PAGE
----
How Hurricane Ian and other disasters are becoming a growing source of inequality – even among the middle class

Anna Rhodes, Assistant Professor of Sociology, Rice University and Max Besbris, Assistant Professor of Sociology, University of Wisconsin-Madison, The Conversation on

Published in Business News

This is what motivated us to examine recovery in Friendswood, a middle-class, majority-white suburb outside of Houston that flooded during Hurricane Harvey in 2017. We interviewed 59 households multiple times over two years after the storm to understand the recovery process and the financial consequences of disaster for residents in a well-resourced place.

After Harvey, we found that Friendswood residents were on three different recovery trajectories.

About 47% of the households we interviewed two years after the storm had fully recovered – some had even grown their net worth. A second group, making up just under a quarter of our sample, was mostly recovered, with some repairs remaining but most of the work completed. In this group, many were likely to have new outstanding debts taken on during the repair process. A third group of residents, around 18%, was still living in homes without complete walls or floors – repairs they were uncertain they would ever be able to afford. And a small percentage had moved after the storm.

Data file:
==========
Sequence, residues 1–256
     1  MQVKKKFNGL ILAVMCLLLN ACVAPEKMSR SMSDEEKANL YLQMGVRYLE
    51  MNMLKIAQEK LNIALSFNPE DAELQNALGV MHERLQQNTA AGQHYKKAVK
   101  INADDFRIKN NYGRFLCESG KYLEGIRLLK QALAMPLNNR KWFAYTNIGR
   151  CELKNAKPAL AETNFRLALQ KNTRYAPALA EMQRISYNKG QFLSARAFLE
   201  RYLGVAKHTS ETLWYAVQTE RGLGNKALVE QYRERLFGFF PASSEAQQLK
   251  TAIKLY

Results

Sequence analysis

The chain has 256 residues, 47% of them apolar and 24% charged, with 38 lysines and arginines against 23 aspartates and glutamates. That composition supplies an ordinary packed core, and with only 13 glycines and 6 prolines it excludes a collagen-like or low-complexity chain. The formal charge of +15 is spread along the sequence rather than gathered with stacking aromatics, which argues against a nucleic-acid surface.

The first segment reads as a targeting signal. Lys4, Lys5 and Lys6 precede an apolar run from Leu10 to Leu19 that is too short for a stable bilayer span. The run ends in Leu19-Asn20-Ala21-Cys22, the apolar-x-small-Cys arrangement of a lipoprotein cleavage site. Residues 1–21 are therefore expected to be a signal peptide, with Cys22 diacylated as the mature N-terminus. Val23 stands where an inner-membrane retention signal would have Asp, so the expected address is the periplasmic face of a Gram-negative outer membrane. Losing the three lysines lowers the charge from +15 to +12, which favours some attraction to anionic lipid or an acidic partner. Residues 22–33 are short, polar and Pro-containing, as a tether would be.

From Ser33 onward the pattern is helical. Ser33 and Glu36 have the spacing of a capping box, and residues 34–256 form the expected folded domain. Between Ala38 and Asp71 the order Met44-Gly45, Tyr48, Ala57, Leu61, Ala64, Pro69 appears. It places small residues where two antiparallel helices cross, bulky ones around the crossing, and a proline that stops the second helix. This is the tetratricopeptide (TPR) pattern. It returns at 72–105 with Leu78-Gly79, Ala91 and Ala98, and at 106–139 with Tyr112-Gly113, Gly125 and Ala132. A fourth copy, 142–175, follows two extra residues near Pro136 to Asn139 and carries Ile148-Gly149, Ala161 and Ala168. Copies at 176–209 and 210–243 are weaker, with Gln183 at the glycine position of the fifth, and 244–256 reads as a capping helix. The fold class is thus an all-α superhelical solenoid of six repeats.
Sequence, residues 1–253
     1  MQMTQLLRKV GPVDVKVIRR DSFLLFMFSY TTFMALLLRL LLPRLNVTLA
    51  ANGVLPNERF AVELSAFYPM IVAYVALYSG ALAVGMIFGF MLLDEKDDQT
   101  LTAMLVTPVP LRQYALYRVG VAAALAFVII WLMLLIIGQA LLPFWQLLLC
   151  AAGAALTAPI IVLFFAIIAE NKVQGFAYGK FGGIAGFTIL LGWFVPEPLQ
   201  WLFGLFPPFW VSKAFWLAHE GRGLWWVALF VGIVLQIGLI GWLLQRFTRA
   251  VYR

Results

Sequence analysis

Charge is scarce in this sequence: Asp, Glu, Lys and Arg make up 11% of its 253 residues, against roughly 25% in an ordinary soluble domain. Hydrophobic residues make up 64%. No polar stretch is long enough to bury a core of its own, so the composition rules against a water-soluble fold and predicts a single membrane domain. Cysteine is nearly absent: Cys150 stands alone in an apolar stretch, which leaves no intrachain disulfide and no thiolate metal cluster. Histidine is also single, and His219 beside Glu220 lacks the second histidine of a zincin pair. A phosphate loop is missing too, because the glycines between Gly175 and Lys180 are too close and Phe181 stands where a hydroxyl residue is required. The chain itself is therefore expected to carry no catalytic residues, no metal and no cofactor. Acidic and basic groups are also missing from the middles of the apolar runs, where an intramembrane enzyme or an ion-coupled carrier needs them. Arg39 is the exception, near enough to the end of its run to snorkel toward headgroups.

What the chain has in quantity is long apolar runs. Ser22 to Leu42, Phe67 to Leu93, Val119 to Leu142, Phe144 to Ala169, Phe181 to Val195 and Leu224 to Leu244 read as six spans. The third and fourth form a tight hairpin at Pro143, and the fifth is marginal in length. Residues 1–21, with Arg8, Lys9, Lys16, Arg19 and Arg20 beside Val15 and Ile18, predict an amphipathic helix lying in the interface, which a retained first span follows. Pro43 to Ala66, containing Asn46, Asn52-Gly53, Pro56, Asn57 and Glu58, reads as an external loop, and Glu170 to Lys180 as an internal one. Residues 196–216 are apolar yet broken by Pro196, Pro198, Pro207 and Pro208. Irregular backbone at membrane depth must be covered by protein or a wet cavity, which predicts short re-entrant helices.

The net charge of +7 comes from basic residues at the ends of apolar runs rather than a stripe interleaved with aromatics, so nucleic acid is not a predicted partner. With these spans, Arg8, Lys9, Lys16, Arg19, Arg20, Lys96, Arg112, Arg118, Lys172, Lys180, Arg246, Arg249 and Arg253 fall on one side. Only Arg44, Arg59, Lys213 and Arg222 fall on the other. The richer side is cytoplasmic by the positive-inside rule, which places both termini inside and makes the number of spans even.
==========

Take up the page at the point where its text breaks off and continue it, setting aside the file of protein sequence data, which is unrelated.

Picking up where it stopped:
Pre-flood advantages like having a higher income certainly helped determine which group households ended up in. Residents with more financial resources before Harvey tended to fare better than their less-well-off neighbors.

But we also found that a few additional factors played a key role in determining whether a given household had completed repairs.

One of the most important was flood insurance. We know from past research that higher-valued homes are more likely to be insured. We found this to be the case in Friendswood as well.


When Harvey hit, insured households were eligible for payouts of up to $350,000, while households without insurance were eligible for FEMA aid capped at only $33,300. In other words, insured households, who tended to be financially advantaged before the storm, could get around 10 times more than the uninsured.

While uninsured households could apply to the Small Business Administration for low-interest home repair loans, not all disaster-affected residents were deemed eligible. And we found that many who did take out an SBA loan ended up with over $100,000 in new debt.

One year after Harvey, when a resident had to start repaying her SBA loan, she told us that it made a big dent in her family’s monthly budget – “That’s a $400 payment every month that we have to make,” she said. “So, I mean, it’s just tight.”

Another key factor in recovery was assistance from social networks. This included cash donations, labor and building materials to help repair homes, child care and food preparation, as well as emotional support that came from family, friends, neighbors and other community groups that people were connected to.


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